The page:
November 20, 2014

Thursday Review: MORTAL HEART by Robin LaFevers

Summary: Mortal Heart is the final book (SAD FACE) in Robin LaFevers' His Fair Assassin trilogy (Book 1 reviewed here; Book 2 reviewed here). The books take place in medieval Brittany and France, a setting which the author has obviously researched well in order to write these stories in such vivid detail. (I'm always impressed by that.) They combine some of my favorite genres and themes: historical fantasy, adventure, political intrigue, strong female heroines—and throw in a bit of romance to boot. And, assassin nuns! Who serve the death god, St. Mortain! Oh, and don't forget the Website of Gorgeousness if you want to learn more about the series.

I don't want to give away too many spoilers if you haven't read the first two books. (I seem to be saying that a lot lately—lots of trilogies and series I'm finishing up, I guess.) But here's a quick run-down. In the first two books, we followed the stories of two of Mortain's handmaidens, Ismae and Sybella. Book 3 is the story of their friend Annith, the one who got left behind. As Ismae and Sybella get dispatched on their first missions as assassins for Mortain, Annith waits for her first assignment back at the convent…and waits…and waits, only to find that the nuns have another future in store for her, and NOT one that involves getting to do fun assassin things.

Being one of their star pupils, Annith is enraged by this, and begins to question the logic behind the abbess's decision. Is something else going on? The only way to find out is to take her fate into her own hands, a choice that brings Annith adventure, unexpected love and friendship, and throws her right into the heart of the conflict between Brittany and France.

Peaks: As mentioned above, these books have All The Things that I happen to like. One of my faves is the underlying idea that the strong female heroines are exacting revenge for the horrors the world has wreaked upon them. In Annith's case, she was abandoned as a child and brought to the abbey of St. Mortain. Her story, like the others', is fleshed out well and the fact that we are acquainted with her from the first two books means we're fully behind her before the book even begins. This makes it even more egregious when she begins to feel betrayed by those who raised her and cared for her.

I particularly enjoyed the romance in this book, too. Without giving too much away, it includes everything I like about paranormal romance and deletes all the stuff I hate that tends to go along with that genre, like boring heroines and saccharine, codependent relationships.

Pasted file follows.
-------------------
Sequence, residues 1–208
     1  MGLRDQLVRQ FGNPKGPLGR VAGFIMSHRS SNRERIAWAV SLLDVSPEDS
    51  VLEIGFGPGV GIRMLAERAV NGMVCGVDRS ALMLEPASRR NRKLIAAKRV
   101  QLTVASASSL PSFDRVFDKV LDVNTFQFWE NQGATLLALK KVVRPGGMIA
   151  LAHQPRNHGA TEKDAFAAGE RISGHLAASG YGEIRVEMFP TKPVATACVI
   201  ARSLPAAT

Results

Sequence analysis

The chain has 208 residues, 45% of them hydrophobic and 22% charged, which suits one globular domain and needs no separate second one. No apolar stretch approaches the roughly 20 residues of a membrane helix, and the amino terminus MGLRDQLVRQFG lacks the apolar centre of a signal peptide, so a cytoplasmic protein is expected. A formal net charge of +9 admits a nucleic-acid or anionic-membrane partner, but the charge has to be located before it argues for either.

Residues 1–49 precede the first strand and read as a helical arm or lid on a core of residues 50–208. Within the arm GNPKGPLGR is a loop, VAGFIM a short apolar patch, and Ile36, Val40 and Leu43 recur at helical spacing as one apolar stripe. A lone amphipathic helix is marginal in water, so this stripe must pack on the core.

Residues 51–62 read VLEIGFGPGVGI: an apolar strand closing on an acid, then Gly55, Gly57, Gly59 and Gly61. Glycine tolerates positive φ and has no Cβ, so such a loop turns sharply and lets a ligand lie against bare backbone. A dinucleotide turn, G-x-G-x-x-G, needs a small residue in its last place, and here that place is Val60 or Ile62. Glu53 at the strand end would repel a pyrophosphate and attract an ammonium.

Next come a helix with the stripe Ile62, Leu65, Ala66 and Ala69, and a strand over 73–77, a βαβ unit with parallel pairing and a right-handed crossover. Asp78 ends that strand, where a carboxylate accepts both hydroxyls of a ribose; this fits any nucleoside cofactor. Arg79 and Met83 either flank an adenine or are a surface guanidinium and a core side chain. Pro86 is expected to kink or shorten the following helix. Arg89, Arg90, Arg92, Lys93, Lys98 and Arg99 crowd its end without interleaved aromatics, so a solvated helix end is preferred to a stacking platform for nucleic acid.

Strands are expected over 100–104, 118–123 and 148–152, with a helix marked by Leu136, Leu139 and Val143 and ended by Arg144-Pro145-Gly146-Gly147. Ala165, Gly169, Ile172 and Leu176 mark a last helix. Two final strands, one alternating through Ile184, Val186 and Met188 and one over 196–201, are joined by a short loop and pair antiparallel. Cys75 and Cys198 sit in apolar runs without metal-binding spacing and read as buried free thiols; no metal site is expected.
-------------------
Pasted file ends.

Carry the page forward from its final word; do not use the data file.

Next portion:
Something else that impressed me: how well these books stand alone. While the events of the larger story arc do roughly take place in a specific order from Book 1 to Book 3, reading them out of order would not be a huge problem, and the time that passed between each book's release ended up not mattering so much. They're very well crafted in that way, and I felt like there was enough information about the meta-plot to remind me what had already happened in the first two books, without deluging me with unnecessary detail.

Valleys: I remember reading the first book and noticing a few things that felt anachronistic—not enough to really bother me, but a few teeny things jumped out at me, mostly just the occasional language choice. I didn't notice that in this book. I was fully absorbed in Annith's story from beginning to end. Now I'm just sad they're over, and feel like I want to read them all again…OH I CAN BECAUSE I OWN THEM ALL!

Conclusion: I love these books—they are so much fun and I want to live there. Well, maybe not quite. But if you enjoyed books like Graceling, or anything by Tamora Pierce—stories about powerful and independent heroines who stride through the world kicking ass—you won't want to miss these.

I bought my copy of this book as soon as it was humanly possible. You can find Mortal Heart by Robin LaFevers at an online e-tailer, or at a real life, independent bookstore near you!


Jen Robinson said...

I enjoyed this book, too (review to come on Monday), but I was pulled out of the story by a reference to "run interference", which just didn't seem right :-)

Sarah Stevenson said...

Yes, you're right! That did jump out at me, but I'd forgotten already. :)

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